Take the last Test in Guyana. On the third morning, Curtly was left mysteriously unused and England prospered, doing just enough to nudge themselves back into a match they had forfeited on the first day. Ambrose was apparently indisposed, which in the strange patois of the West Indian dressing-room could mean anything. "Curtly got out of bed the wrong side this morning and did not feel like stretching his legs until after his siesta" or "Curtly had a row with his captain and was sulking". Curtly may have gone shopping for all anyone really knew.
When the ball did finally rest between the index and middle finger of his giant hand, the England innings folded pronto, merely adding to the impression from afar that this Test series is not being played out on the dodgy products of West Indian groundsmen but in the unfathomable psyche of the brooding, ageing, Antiguan. The problem is that Ambrose's interview technique has been copied from a Trappist monk. When asked to enlighten the press with a few words of wisdom, his stock reply is "Curtly don't talk to no one." When the ball is talking, who needs to say more?
We know nothing about Ambrose, which simply adds to the mystique. His mother rings a bell whenever her son takes a wicket (346 ding-dongs and counting) and, given the choice, Curtly would rather have played basketball. That's about it. Fast bowlers come in two types: noisy and silent. Neither arepleasant to face. "No one likes fast bowling, it's just that some show it more than others," as Eddie Paynter once remarked. But the infinitely more worrying characters are not Mervyn Hughes or Fred Trueman, people who advertise the combat, it is the silent assassins, Andy Roberts or Charlie Griffith, those who give you nothing but a blank page. In their brooding features, batsmen's imaginations can run riot. Whole centuries of exploitation and menace ooze from the eyes. A few beers at the close of a hard day's play? Not Curtly.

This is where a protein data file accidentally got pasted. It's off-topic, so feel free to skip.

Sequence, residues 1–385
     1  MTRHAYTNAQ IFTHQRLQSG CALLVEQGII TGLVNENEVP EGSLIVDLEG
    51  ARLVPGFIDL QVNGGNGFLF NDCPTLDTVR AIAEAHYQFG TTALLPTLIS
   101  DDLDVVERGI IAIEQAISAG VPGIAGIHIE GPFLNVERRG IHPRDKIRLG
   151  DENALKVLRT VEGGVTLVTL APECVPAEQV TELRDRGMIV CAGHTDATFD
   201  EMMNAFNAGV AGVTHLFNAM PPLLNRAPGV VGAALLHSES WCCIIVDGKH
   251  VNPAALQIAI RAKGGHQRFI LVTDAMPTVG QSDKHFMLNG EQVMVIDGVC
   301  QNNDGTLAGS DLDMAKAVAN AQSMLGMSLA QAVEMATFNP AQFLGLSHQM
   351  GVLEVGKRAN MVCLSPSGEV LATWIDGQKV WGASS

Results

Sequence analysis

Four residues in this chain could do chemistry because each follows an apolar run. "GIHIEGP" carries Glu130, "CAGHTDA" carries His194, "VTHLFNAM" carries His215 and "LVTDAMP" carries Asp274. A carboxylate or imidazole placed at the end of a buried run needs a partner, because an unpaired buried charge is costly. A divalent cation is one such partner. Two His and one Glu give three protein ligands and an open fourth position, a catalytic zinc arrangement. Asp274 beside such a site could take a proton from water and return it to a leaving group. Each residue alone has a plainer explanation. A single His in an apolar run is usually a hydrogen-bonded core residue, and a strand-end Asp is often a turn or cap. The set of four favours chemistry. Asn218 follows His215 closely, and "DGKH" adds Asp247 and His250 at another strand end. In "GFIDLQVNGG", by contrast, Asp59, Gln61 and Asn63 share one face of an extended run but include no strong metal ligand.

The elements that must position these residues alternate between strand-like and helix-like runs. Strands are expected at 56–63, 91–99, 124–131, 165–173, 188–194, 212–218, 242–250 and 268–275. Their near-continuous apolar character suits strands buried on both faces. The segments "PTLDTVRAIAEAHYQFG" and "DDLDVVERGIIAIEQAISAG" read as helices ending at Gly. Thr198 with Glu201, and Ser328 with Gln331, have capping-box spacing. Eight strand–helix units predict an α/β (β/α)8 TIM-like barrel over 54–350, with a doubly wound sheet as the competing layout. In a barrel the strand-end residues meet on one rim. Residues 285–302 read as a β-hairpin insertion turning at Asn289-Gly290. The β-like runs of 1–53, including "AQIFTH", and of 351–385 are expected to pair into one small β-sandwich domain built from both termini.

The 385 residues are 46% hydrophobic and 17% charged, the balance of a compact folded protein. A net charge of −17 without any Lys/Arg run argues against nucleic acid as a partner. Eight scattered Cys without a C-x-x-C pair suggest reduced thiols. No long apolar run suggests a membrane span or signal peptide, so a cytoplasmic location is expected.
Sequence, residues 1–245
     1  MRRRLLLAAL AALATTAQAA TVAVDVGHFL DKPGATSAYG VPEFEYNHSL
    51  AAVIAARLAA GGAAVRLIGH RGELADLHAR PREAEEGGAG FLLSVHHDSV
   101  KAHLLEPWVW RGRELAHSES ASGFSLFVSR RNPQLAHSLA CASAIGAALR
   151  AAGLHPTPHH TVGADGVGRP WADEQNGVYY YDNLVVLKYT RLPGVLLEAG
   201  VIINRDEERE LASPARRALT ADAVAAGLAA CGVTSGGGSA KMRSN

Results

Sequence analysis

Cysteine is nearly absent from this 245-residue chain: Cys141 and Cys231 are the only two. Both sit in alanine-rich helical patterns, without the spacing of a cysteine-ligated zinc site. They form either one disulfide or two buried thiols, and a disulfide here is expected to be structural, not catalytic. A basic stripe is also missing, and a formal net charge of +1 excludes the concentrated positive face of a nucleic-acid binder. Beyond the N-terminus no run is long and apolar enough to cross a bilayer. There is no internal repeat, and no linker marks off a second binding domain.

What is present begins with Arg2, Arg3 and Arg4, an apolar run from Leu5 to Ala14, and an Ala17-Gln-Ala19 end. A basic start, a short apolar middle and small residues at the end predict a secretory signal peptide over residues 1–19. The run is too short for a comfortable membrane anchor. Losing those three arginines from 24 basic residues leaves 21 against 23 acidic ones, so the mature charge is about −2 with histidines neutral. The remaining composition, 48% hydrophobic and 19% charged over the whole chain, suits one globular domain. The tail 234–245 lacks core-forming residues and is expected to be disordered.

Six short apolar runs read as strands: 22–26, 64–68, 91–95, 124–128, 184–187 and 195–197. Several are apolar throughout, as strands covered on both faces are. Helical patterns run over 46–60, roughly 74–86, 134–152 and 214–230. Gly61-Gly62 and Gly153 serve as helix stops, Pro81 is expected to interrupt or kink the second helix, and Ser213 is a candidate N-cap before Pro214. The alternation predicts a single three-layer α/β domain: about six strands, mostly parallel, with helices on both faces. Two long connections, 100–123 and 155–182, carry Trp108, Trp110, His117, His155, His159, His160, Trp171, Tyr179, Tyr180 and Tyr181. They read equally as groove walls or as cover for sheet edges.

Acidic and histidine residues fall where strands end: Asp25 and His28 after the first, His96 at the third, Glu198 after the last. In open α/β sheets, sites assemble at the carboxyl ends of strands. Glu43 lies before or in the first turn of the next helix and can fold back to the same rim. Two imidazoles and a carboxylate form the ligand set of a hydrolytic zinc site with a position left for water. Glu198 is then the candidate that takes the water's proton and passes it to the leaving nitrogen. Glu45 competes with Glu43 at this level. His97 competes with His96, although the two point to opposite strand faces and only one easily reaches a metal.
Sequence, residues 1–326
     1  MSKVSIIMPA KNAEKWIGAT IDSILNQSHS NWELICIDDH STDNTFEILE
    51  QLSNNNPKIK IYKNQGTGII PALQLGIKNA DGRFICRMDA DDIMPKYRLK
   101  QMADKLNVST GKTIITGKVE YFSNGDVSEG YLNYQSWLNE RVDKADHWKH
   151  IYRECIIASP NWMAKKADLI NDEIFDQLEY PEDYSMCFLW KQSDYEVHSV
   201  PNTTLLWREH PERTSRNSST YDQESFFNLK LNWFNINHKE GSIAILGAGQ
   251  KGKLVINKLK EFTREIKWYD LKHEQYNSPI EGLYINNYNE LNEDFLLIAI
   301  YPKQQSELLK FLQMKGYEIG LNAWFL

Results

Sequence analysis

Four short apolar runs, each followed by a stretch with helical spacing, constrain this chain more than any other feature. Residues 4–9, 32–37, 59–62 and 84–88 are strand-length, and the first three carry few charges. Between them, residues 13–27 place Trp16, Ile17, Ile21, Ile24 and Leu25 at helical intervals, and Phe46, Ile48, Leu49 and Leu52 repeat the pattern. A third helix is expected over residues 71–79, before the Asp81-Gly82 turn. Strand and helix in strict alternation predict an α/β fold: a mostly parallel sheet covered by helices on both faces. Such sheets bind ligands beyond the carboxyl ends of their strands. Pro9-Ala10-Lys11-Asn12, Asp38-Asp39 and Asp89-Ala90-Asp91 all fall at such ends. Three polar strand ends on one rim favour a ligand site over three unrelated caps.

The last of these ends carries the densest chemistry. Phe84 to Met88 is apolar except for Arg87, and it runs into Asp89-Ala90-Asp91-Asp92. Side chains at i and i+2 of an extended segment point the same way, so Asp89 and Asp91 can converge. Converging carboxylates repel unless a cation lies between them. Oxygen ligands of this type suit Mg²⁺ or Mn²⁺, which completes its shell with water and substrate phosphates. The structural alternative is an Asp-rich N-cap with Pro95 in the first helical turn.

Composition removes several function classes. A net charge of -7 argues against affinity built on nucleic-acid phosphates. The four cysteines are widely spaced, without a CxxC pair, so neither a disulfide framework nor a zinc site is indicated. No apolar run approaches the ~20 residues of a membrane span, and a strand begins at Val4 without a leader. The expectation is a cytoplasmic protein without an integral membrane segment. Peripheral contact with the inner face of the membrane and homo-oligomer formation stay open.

Imagine, if you can, being in the size nines of Mike Atherton, who will come into the Fifth Test of this bizarre series with parallel lines from the Guyana Test reading "c Lara b Ambrose 0; lbw b Ambrose 1". The second of the two should have the word "ditto Trinidad '94, unplayable" appended in brackets after it because no batsman in the history of the game could have survived a 95mph delivery which snapped back like a cobra's strike to hit Atherton on the shin. But the uncomfortable thought is that, like Glenn McGrath last summer, Ambrose has Atherton's number. Numbers 13 and 14, to be precise, in a duel which stretches back four years and 15 Tests to the start of Atherton's tenure of the captaincy. Atherton has enjoyed his moments, notably two centuries in the last series here, but his form is not as consistent these days, his feet are a fraction slower and his nerves a touch more frayed.
Atherton's role has to change. His luck has been out too long now. He needs a break, not necessarily from captaincy, but from opening. Serious thought should be given to dropping him down the order, to number five or six where he can shepherd the lower middle order and tackle his old adversary when the odds are more in his favour.
Ambrose has two weaknesses: one is brittle temperament, the other is left-handers. No one can be quite sure whether he will be firing. Sometimes, like an irascible donkey, he digs his heels in at the prospect of shouldering West Indian hopes yet again. There are few of the days of grace Holding, Roberts and co enjoyed in the pomp of Greenidge, Richards and Haynes. As Ambrose has grown older, the yoke has grown heavier. Rarely has he been able to put his feet up, safe in the knowledge that padding up can be postponed to the morrow. On donkey days, his knees barely bend, his arms stay limp and ordinary county batsmen heave a sigh of relief. The trick then is to let sleeping dogs lie.
A foolish request by Dean Jones for Ambrose to remove his white wristbands in a Test against Australia at Perth in 1992-93 brought a terminal descent of the red mist. Seven wickets and 32 balls later, the Australians were strapping Jones to the pavilion railings. Atherton has become too comfortable a target for Ambrose. The left-handed Mark Butcher would force Ambrose to change his line and his thinking, as it did to England's advantage on the decisive final morning of the Third Test. If Alec Stewart, the only England batsman ever to glimpse comfort against Ambrose, stays as an opener, Mark Ramprakash could move to number three, with Graham Thorpe at four. A long shot perhaps and a blow to Atherton's considerable pride. But England have to try something different or Curtly will win this series on his own.Reuse content